Cheers
Matt, EFC, London

 

Love for Sir Bobby (and plenty of anecdotes)
Dear Football365,Daniel Storey’s latest Portrait of an Icon was his best yet.  As Graham Taylor and Graeme Souness discovered, following Sir Bobby is incredibly difficult – next week’s Portrait is going to have to be something special.

Sir Bobby was England manager when I was first old enough to be able to take a proper interest in football – Italia ’90, when I was 5, nearly 6 – which in my lifetime is arguably still the high water mark for supporting England (with Euro ’96 a close second).  First impressions are always hard to shake off, but he made it seem like being England manager was the most important job in football, that he’d got the job by being the best manager in the country.  Not sure if that was actually the case, and subsequent appointments have clearly disproved my initial perception of the England job, but that was just how Sir Bobby came across.

As Storey points out, Sir Bobby was one of those rare figures in football whose passing seemed to unite the sport in grief.  It’s a cliché to say that no one had a bad word to say about him, but to turn it round, everyone who met him had a fond memory of him, and almost every football fan had a favourite story about him to recount with a laugh.

My own two favourite Sir Bobby stories that I’ve heard over the years are these:

He forgot his boots for a training session, so ended up borrowing some brand new ones from Chris Waddle, who had the same size feet as him.  He spent the whole session complaining about them being tight, which led into a wider rant about “modern boots” and “better in my day” chuntering.  Back in the changing rooms, he threw the boots back at Waddle, and hobbled off in a foul mood.  Waddle then looked inside the boots and discovered the tissue paper was still in them.

The other story concerns the time he did a book signing, and the person who recounted it went to get an autographed copy with their child.  Not knowing what to say, the boy eventually offered “I bet you’ve signed loads today, Sir Bobby”, to which the great man replied, without looking up from his writing “ah, hundreds son, hundreds”.  The lad was thrilled and a little starstruck as he walked away, only for his bubble to burst when he realised the inscription read “best wishes, Bobby Hundreds”.

This article, much like the recent Jimmy Armfield piece, sum up their subjects perfectly.  In an ocean of cynicism and greed, there is still a place for people who stand for dignity, pleasantness and other old-fashioned aspects of the game.  Thanks for making a cold, wet Wednesday in the Midlands that little bit more bearable.

Regards,
The literary Ed Quoththeraven

 

Excellent piece by Daniel Storey on Bobby Robson. Needless to say I can’t speak highly enough of the man who was behind my first sporting VHS video, Ipswich 1 Arsenal 0 in 1978. I have even forgiven him for putting together such a good Ipswich team during that period that my Dad started supporting them (plastic) leading to yours truly to be the frustrated yet captivated supporter I am today (PFS?), regardless of the relentless agony they cause you. I still recall the moment news of his passing came through on the radio and feeling utterly devastated despite having never met the guy. I’ve never had such feeling for a non-family member since.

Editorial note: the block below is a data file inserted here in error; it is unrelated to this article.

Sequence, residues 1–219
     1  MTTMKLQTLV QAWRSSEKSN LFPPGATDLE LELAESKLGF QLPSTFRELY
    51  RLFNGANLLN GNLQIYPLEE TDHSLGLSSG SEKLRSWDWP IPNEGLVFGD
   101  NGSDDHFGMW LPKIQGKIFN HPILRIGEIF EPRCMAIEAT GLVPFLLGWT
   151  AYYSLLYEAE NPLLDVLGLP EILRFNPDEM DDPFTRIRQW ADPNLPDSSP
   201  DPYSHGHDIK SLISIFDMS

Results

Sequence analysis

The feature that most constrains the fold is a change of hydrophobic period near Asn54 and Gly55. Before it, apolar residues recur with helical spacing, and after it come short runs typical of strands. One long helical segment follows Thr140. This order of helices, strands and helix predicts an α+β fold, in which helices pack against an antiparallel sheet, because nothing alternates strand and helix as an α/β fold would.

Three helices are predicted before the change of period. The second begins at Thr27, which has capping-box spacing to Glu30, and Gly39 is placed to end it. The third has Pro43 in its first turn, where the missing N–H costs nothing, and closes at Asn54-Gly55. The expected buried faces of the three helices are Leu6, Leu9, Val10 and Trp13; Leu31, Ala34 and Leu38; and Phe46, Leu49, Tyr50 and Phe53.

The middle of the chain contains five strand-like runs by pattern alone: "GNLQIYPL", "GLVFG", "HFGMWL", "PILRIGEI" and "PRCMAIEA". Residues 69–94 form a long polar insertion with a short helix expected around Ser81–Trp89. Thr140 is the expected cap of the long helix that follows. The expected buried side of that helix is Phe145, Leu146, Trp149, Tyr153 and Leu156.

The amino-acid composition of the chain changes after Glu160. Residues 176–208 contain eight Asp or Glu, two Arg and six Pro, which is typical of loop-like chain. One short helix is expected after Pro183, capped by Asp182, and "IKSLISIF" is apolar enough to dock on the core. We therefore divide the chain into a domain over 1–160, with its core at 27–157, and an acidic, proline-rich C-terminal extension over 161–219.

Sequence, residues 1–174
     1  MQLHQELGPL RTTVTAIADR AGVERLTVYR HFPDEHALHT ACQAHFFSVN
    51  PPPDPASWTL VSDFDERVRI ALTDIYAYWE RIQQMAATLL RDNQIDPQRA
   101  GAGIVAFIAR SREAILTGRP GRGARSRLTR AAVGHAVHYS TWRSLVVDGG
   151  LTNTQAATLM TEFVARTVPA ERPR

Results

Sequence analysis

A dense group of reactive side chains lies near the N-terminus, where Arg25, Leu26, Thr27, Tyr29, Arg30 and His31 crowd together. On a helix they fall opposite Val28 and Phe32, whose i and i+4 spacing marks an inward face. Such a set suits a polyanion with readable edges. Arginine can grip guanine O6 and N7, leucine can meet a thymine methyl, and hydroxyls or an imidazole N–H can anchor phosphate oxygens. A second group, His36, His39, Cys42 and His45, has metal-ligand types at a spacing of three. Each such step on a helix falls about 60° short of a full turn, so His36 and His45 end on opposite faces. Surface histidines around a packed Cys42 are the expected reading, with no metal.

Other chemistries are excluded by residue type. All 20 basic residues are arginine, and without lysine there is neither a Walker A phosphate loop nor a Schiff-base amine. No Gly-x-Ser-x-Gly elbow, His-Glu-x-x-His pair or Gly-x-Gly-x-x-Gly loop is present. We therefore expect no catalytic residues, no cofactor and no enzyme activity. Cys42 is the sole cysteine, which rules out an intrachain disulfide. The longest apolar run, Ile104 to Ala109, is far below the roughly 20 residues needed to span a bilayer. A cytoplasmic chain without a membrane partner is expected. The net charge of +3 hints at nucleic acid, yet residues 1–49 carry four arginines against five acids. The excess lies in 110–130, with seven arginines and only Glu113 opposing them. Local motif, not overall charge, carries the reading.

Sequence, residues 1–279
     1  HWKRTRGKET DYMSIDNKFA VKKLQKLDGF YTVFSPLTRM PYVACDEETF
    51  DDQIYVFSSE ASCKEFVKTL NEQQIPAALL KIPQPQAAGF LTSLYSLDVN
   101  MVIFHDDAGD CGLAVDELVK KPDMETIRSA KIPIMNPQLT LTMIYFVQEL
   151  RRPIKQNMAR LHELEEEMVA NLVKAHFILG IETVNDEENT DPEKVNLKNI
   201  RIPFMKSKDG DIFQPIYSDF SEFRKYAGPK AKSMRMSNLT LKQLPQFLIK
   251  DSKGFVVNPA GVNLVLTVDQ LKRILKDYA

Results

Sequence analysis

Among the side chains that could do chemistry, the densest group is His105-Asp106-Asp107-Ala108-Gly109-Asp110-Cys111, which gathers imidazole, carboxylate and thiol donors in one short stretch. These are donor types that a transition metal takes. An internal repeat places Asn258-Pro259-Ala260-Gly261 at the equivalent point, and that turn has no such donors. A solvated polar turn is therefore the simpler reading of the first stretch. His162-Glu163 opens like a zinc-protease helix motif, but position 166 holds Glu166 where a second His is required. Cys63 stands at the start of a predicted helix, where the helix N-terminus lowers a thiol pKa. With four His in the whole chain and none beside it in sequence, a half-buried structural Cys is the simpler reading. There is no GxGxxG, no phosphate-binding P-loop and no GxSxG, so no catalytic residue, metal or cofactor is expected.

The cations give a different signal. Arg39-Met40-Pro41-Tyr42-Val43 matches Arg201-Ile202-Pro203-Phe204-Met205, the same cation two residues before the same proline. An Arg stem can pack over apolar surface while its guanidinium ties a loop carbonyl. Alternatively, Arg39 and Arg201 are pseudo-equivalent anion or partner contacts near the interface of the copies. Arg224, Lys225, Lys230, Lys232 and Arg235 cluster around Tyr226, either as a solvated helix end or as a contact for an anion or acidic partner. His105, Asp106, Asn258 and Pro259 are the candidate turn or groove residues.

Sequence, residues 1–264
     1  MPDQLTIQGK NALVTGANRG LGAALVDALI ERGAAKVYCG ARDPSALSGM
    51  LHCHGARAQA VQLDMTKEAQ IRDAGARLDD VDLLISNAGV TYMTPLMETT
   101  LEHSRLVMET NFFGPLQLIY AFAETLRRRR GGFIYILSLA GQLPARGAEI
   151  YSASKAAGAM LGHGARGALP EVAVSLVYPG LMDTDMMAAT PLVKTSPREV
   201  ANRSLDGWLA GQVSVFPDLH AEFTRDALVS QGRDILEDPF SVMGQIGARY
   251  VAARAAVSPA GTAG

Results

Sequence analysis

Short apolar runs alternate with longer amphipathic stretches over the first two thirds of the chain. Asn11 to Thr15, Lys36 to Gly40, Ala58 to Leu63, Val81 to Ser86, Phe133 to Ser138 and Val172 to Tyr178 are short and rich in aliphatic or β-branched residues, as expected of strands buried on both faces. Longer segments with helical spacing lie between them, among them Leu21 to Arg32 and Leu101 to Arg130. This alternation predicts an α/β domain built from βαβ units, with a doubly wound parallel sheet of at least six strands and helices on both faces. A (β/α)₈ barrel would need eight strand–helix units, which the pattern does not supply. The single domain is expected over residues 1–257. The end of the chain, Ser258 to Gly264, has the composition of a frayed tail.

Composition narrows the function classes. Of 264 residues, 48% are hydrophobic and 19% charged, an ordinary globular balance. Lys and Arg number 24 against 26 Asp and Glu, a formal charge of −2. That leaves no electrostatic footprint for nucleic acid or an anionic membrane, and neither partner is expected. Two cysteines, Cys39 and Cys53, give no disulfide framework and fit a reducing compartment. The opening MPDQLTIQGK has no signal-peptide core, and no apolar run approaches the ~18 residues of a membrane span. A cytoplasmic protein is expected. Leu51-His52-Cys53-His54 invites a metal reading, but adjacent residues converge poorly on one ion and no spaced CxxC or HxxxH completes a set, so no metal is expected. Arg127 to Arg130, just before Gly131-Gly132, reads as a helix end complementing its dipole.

Daniel is right about the many anecdotes about him, but whilst they usually were about his dithering mind as he says, they are never nasty and usually always show the underlying greatness of the man. If I may add my favourite anecdote about him it would be the one about Eric Gates. When he signed at 15 Bobby told Erics parents that he wouldn’t be put in digs initially and moved the 15 year old into his home where he was treated like a family member for four months until he settled down. As Eric says “Could you see Alex Ferguson doing that today? Could you hell!”. Eric went on to spend 13 years at Ipswich with Robson and clearly held Bobby in the highest regard. Which make it all the more amusing that as Eric was quoted as saying  “During that time Bobby used to call me Eric Sykes like the comedian,” laughed Gates, “and, aye, I got plenty of laughs”. Brilliant stuff, if anyone has any more, knock them out!

Sir Bobby Robson, fondly remembered, greatly missed.
Chris ITFC, Liverpool

 

Just wanted to say that the Bobby Robson piece is possibly the best article I have ever read, kudos to Storey. I had to leave my desk to shed a tear.

As a Newcastle fan who was relatively young when Sir Bobby was appointed, I remember going along to Chester-le-Street to watch a Newcastle training session where Sir Bobby ruffled my hair, talked to me about who my favourite player was and generally took the time to care about me and those I was with.

An absolute legend and the one man in football I hold nothing but admiration for.
Ben, (Walking in a Robson wonderland) NUFC
I’ve experienced many different emotions when reading F365 – from amusement, to frustration, to anger, to agreement – sometimes all in one article. But today was a first – I have never before cried while reading F365. Well done Daniel Storey. A fitting tribute to Sir Bobby.
gomez, MCFC

 

Good Lord F365,

Sitting in work forcing back the tears!! Great profile of Bobby Robson. What a man.
Weldoninhio

 

Poor Diego
When I heard people say ‘Diego Costa could start a fight in an empty room’, I thought they were joking
Neil Raines

 

Sign of The Times
I really enjoyed reading the 1st few lines of your recommended reading to then realise I had to subscribe to The Times.
Dale (In the exec box tomorrow!(from a council estate)How’d That Happen) Leeds

 

Ahh, spam
Hello my fellow Escort

Are you making the money you desire already in Escorting? if the answer is no then ill soon change that!
Martin